HARLEY-DAVIDSON HAS GIVEN NEW RIDERS AN AFFORDABLE WAY TO DISPLAY THE BADGE
Weighing a featherweight 222kg, the Harley-Davidson Street 500 is the learner-approved bike many prospective riders have been waiting for. But does it live up to the heritage behind the bar and shield logo?
Don’t let the exhaust fool you — the Street 500 is too quiet for a Harley.
Looks-wise, it is an unmistakable Harley with classic lines, big exhaust and a V-twin engine nestled between the frame. Up front there is a small headlight fairing reminiscent of Sons of Anarchy, topping off the look by blending the light into the rest of the bike’s blacked-out accents.
The stylish headlight cowling and decent-sized fuel tank give the Street 500 a great silhouette
Ergonomically the Street 500 is sound, with a comfortable saddle for the rider, easy reach to the bars and mid-mounted footpegs. While some might desire the feet-forward pegs Harley is renowned for, the mid-mounted position is much better for learners to get to grips with, as a respected colleague pointed out to me during the Project Livewire ride in Malaysia. (Read that review online at driven.co.nz).
The rider’s seat is quite comfy while the peg position does not create any discomfort, even after long periods in the saddle.
The rest of the cockpit is spartan, with a basic single gauge up front, with two tripmeters, odometer and speedo being the only technology in the package.
While the Street 500 comes with pillion pegs, backseat accommodation is minimal. Riders wanting to share the experience will need an accessory seat from the Harley catalogue.
This is the only Harley-Davidson you can jump on with any licence, making it the marque’s most accessible bike. But this comes at a cost. Unlike its big air-cooled brothers, the Street 500 is powered by the all-new liquid cooled Revolution X 494cc V-Twin engine.
Being comparatively small in capacity and heavily restricted at the exhaust, thanks to increasingly tougher European regulations, the Street 500 lacks the same road presence and character of the bigger bikes in the range.
The mid-mounted footpegs are ideal for learner riders.
While the Revolution X may look like a shrunken V-Rod engine, with only 40Nm of torque on offer it struggles with overtaking duties on state highways. Couple this with vague gear selection on the test bike and the Street 500 loses out on the fun factor on the open road. This will probably frustrate more adventurous riders to the point that they will be more than keen to upgrade to a bigger bike in the Harley family when they gain their full licence.
Bring the Street 500 into town, however, and it feels more at home. With the widest part of the bike being the handlebars, the Street 500 is one of the easiest bikes to nip through tight spaces to the front of the lights, and that 40Nm of torque is fully available from only 3500rpm. That gives the bike more than enough to get you ahead of traffic.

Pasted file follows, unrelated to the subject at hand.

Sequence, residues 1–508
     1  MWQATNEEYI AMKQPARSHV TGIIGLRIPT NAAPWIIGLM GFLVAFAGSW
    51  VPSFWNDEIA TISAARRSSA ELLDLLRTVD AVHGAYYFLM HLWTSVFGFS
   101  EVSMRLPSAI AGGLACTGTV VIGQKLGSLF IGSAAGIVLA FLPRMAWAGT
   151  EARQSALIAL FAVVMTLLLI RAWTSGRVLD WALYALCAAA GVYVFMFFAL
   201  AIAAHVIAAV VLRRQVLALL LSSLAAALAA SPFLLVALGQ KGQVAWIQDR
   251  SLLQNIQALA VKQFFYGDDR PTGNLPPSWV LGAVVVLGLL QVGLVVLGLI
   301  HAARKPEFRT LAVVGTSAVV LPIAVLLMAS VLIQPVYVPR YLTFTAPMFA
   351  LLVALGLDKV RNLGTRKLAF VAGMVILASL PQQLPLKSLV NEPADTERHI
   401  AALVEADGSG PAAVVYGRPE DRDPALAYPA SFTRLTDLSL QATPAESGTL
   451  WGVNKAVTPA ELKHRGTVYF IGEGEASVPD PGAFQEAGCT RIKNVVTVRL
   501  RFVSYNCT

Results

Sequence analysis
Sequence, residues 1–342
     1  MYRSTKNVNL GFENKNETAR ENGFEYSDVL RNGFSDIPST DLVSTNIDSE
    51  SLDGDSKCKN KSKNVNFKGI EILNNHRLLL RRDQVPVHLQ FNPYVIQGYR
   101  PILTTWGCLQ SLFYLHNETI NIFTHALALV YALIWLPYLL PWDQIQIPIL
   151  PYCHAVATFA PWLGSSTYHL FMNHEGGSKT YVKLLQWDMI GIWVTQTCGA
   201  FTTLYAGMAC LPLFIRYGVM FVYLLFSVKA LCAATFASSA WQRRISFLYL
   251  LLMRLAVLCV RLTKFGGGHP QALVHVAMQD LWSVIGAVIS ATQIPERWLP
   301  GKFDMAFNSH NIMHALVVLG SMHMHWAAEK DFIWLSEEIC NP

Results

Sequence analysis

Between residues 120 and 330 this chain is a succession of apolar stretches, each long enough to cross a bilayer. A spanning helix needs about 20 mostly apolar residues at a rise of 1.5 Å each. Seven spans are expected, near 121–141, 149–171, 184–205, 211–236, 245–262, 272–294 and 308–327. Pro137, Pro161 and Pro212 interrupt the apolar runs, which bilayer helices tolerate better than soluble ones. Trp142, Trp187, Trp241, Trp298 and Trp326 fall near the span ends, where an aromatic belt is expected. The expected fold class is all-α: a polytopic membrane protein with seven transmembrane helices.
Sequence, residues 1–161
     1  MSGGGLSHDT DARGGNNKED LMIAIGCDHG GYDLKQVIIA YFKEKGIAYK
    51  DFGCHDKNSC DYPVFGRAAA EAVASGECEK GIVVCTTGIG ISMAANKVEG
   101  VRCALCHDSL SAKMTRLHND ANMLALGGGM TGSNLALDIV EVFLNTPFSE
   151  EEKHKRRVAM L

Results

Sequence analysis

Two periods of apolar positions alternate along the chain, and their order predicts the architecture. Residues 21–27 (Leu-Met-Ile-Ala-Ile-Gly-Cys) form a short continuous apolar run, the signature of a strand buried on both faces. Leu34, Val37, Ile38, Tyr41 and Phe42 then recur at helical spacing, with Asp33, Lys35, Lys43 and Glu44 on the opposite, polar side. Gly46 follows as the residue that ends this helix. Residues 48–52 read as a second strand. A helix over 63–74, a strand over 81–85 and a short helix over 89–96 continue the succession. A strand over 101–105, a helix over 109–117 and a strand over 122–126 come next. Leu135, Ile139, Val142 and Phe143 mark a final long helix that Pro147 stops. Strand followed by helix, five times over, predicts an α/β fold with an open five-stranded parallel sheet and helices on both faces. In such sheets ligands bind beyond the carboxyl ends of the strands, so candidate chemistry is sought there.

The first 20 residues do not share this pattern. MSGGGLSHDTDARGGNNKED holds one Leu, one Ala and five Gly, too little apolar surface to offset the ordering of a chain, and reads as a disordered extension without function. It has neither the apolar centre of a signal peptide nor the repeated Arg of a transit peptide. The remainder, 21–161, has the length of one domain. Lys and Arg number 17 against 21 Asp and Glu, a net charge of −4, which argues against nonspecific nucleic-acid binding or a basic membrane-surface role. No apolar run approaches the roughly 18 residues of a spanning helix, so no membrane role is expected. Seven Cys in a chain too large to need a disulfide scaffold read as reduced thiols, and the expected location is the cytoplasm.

Pulling you to a stop are two piston floating calipers front and rear which do their job pretty well. The modulation of the rear was a little tricky to get used to but once it was fully bedded in it worked admirably. Harley needs to look at equipping the Street 500 with ABS as an extra safety net for novice riders, and to bring the bike in line with other learner-approved bikes at the same price point.
That said, the Street 500 has some excellent selling points.
Being under 600cc, rego is dramatically cheaper than any other Harley, at an annual cost of $477.53, as opposed to $591.69 for bikes over 601cc. With fuel economy quoted by the factory as a frugal 3.7 litres per 100km there is no need for a frequent stop at the local servo, unlike the peanut-tank Sportster range. Add that to the reduced insurance premiums of a bigger learner-approved bike and the Street 500 is easily the most affordable Harley to keep in the garage.
The Street handles corners well — so well that the most fun I had was on a ride around the Hunua Ranges, leaning into corners and testing the limits of grip from the Harley-Davidson branded Michelin tyres.
Harley-Davidson encourages owners to customise their Street to their liking.
Harley-Davidson, like most manufacturers these days, strongly encourages owners to customise their bike to their liking and has supported multiple custom shops to showcase the versatility of the Street range. With everything from custom bobbers to cafe racers seemingly a couple of bolt-on parts away, the Street 500 appears to be one of the more modification-friendly bikes on the market.
Despite my few misgivings it shows promise, and is by far the cheapest way into the best-known motorcycle brand in the world.
HARLEY-DAVIDSON STREET 500
ENGINE: 494cc Revolution X V-Twin
PROS: Blacked-out looks, Harley-Davidson badge, corners well, highly customisable.
CONS: Lacking in the fun department, no ABS, low engine power/torque, vague gearbox, probably not a bike you would keep once you are off your 6R licence.